Whenever I leave a body of water, a part of me remains, held in its currents and its rhythmic lapping against the shore. Something has been absorbed into its depths, as well as floats atop its waves, all encompassing in its energy. It is both the giver and taker of life, its ebbs and flows and worlds within hold the potential to both create and destroy. It is powerful, and cleansing, drawing us to presence.
“If there is magic on this planet, it is contained in water.” Loren Eiseley.
“Water creates so much beauty, life and mystery.” Fennel Hudson
Cruising upon a large body of water such as Lake Kariba makes us respect the sheer dimensions of its size, gazing toward a horizon which seems to stretch to infinity. In essence, we are staring at two biodiverse worlds, one above the water and one below. The expanse of both are decidedly difficult to comprehend, a variety of ecosystems, species and lifeforms all inextricably linked, each dependent on the other. Without water, the above world would disappear, the same laws applying to the world beneath.
“Water is the driving force of all nature.” Leonardo Da Vinci
Each and every species, no matter how great and small, rely on the presence of water. This is not only for its life source, but for reprieve as well as play. The beauty about a safari on a lake staying on the Sovereign Houseboat is the personal vicinity one is able to witness the wild in water. In the early mornings, one may observe the hustle and bustle of birdlife along the shore and within the riverine habitat, serenading in the day. Morning is the best time for bird viewing, watching the waders hunt for breakfast while listening to the iconic call of the fish eagle. Spoonbill storks dig up the mud with their oddly shaped beaks, catching morsels as they explore the shoreline. Kingfishers hover above shallow waters, focused and determined hunters, while the African fin foot darts elusively between tree roots along the banks. These are but a few of the 240 + bird species recorded within the area.
Midday invites wildlife to its edge for a swim, offering a moment of cool respite from the African heat. One can watch elephants fully immerse themselves in pure joy, splashing and playing in the shallows and beyond. Elephants love swimming, so you may be blessed with the sighting of a herd crossing from one bank to another, playfully wrestling along the way, en route to greener grass. One cannot but help share the joy in such observation, animals experiencing true bliss and presence.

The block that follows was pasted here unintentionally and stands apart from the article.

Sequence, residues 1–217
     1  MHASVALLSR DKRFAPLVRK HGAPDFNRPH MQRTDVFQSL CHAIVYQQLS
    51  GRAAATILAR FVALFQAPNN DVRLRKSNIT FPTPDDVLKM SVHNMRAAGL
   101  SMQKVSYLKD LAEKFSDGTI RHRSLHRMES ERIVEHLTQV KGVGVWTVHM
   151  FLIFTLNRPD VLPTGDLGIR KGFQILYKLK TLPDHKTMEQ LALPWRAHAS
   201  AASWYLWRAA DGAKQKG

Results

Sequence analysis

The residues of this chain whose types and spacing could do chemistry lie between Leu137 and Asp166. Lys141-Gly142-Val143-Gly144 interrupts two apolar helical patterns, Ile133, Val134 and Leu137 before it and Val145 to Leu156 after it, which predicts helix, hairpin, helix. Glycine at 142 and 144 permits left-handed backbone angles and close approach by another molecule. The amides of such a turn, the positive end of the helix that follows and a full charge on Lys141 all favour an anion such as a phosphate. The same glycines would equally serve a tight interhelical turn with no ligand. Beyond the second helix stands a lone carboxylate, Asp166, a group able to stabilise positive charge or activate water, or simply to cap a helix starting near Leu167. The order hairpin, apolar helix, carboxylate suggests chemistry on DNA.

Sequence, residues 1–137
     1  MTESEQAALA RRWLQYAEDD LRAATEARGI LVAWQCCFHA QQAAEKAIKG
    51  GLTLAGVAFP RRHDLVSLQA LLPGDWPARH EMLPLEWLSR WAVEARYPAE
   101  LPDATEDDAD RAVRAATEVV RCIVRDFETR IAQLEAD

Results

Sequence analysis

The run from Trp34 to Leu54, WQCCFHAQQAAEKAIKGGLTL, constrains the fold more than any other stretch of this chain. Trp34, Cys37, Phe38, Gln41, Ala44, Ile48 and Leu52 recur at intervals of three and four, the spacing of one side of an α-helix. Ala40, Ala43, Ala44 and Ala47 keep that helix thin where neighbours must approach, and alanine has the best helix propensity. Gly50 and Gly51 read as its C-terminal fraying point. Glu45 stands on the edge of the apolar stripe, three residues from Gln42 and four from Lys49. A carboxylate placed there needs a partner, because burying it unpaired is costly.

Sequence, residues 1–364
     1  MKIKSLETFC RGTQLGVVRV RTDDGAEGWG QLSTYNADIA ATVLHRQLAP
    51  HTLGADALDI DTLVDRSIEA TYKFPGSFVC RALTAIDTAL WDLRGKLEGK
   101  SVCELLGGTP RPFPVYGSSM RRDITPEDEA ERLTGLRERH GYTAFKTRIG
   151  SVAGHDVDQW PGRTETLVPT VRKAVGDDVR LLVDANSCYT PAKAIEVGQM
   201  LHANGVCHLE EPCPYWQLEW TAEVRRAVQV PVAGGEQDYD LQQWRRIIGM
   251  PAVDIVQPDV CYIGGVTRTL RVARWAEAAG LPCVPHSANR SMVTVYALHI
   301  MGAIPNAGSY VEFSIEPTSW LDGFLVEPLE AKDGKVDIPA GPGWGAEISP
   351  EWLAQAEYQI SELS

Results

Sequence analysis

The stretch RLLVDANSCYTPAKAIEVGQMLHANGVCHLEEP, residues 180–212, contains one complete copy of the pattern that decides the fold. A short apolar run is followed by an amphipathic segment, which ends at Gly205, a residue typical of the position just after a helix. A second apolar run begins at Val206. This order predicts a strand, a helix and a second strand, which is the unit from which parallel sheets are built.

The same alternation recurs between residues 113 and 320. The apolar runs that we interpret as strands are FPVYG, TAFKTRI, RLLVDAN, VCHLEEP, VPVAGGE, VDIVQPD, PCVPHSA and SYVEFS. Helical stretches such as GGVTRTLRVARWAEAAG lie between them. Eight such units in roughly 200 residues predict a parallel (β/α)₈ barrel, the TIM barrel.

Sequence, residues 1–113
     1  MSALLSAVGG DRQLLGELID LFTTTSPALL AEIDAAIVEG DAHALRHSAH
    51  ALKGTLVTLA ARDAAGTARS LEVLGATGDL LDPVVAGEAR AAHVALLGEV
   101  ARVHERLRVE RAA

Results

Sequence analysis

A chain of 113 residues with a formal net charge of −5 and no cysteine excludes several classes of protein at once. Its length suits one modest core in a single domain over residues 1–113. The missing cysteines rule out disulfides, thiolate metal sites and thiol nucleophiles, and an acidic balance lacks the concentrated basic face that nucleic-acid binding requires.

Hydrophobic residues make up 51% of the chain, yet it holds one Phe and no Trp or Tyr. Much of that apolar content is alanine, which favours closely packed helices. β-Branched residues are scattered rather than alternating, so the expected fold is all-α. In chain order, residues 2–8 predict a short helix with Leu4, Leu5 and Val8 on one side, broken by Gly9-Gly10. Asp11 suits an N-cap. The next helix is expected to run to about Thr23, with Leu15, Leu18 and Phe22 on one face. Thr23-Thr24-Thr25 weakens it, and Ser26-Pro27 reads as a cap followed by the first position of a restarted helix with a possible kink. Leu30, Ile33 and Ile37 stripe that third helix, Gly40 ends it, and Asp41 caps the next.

“It is life, I think, to watch the water. Man can learn so many things.” Nicholas Sparks
Sunset offers a celebratory quench of thirst at surviving another day, golden hour a moment of peace before nightfall. Floating beside the shoreline on a game cruise upon a tender boat allows intimate encounters with wildlife. Gliding past quietly at a respectful distance permits humans and animals to peacefully enjoy the interaction, allowing for space and quite observation.
“If you want to heal, find water & stars.” Unknown
Evening upon water is orchestrated by night sounds and punctuated by a bedazzling sky of African stars. Hippos bid the day farewell as twilight steals the sky combined with a percussion of frogs amidst the reeds along the shoreline. Without another soul nearby, the wilderness belongs to you and the creatures of the night, an evening shared solely with nature. Each time of day upon water offers a healing aspect, calling for presence and observation, water offering its restorative power from dawn till dusk.